The Philadelphia School District, which was closed yesterday for staff training, is bracing for "a dramatic effect on attendance" as the SEPTA strike enters its second day.
The effect is expected to be especially pronounced at the 18 secondary magnet schools, which draw students citywide, spokesman Fernando Gallard said. When SEPTA workers struck in 2005, the magnets saw a 25 percent drop in attendance the first day.
The 161,500-student district will open on time today, although officials could not say how many students they expected to be able to get to the 265 schools on schedule. All extracurricular activities will continue.
The district is preparing learning packets to be available online and at regional offices if the strike goes into next week, Gallard said.
About 58,000 city students, including those from charter, parochial and private schools, use SEPTA, he said. Of the total, 35,150 are district students, 11,714 charter, and 11,695 parochial or private.
Many city charter schools, which were open yesterday, saw attendance plummet, giving a glimpse of what district schools may face today.
"It's a major hit. Our students come from 55 different zip codes, and the majority of them rely on SEPTA," said Peter Kountz, head of the Charter School for Architecture and Design, 105 S. Seventh St.
Only 175 of its 580 students showed up; attendance usually is 98 percent, Kountz said.
Special bus services
The school will remain open, he said, and educators will provide makeup work for those who need it.
At least one school, Hope Charter, 2116 E. Haines St., closed yesterday because of the strike, its answering machine said. It planned to open today.
At Truebright Science Academy Charter, 926 W. Allegheny Ave., classes that usually average 25 students had about seven, said Jamaica Yancy, a receptionist. Some students, however, were out for a field trip, she noted.
Some charters are planning to offer special bus services. Mastery Charter's Lenfest Campus, where attendance was 70 percent yesterday, down from a norm of 95 percent, has contracted with six buses to transport students if the strike lasts into tomorrow. About 510 students attend the campus, at 35 S. Fourth St.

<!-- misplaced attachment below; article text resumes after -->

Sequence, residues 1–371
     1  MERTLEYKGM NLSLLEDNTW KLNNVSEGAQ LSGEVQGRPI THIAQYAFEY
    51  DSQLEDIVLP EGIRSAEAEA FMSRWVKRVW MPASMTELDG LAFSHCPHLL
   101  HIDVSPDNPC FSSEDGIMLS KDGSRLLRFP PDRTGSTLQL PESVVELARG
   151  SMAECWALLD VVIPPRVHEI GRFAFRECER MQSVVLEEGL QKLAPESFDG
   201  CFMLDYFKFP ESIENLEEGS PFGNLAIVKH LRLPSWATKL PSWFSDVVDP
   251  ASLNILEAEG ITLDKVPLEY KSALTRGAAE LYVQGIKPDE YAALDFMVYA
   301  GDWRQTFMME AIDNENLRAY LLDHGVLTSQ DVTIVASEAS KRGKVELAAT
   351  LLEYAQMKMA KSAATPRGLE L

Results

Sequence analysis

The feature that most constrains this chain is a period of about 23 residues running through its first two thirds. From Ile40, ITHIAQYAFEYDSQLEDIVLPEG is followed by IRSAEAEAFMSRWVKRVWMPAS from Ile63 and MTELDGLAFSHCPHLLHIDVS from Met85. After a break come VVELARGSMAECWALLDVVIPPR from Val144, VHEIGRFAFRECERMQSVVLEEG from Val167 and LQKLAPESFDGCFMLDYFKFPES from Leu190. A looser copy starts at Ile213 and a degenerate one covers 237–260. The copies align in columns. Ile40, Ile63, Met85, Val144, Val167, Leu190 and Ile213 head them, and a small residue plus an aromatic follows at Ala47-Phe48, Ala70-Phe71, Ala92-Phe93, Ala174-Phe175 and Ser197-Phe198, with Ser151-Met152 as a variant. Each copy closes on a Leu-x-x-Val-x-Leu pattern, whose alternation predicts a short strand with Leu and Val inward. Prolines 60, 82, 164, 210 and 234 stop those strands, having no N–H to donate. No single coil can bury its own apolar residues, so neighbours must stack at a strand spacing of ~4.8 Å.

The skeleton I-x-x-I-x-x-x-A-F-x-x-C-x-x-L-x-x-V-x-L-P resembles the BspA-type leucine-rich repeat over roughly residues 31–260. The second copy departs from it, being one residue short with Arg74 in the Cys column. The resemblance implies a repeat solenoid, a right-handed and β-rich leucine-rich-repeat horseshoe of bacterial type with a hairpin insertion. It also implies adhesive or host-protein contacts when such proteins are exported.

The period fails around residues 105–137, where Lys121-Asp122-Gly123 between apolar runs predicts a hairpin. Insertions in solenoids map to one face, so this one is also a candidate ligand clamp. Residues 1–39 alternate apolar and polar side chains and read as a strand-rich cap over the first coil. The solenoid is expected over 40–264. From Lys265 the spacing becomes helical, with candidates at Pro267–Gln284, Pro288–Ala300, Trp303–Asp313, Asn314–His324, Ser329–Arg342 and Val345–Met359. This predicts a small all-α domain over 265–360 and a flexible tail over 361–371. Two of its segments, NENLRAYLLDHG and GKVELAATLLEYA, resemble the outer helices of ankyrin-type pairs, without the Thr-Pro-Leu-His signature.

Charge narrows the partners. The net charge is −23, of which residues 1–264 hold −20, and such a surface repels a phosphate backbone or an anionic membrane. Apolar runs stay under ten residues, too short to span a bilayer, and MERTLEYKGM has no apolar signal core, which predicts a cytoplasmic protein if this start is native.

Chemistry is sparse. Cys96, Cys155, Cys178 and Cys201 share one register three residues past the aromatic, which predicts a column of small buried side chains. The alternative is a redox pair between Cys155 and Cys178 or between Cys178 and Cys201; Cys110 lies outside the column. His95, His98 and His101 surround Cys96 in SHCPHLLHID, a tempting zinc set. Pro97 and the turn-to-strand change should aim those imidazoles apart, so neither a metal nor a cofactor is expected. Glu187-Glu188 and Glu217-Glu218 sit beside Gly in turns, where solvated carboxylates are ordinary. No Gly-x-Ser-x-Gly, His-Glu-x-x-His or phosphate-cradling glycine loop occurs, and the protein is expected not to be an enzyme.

At the city's archdiocesan high schools, with about 8,500 students, attendance was not as heavily affected. These schools averaged 80 percent attendance, spokesman Kevin Mulligan said. During this flu season, attendance has fluctuated between 75 and 90 percent, he said.
More students walked longer distances and more were late for class at West Catholic High School, said Brother Patrick Cassidy, assistant principal for academics.
He said he was hoping for better attendance today than yesterday's 81.7 percent, especially since the school will end its quarter this week, and tests are scheduled and projects due.
School officials said they would try to help students who cannot get to class. Philadelphia district students will be marked absent, but it will be an excused absence if a note is provided.
The district will provide safe places for students to store bicycles if they choose to ride to school, she said.
The district's yellow buses will continue running for the 37,153 students who usually use them. But the buses will not transport additional students.
Colleges also were making arrangements to cope. For one, Temple University, many of whose students rely on mass transit, has set up a shuttle service between its Center City and North Philadelphia campuses.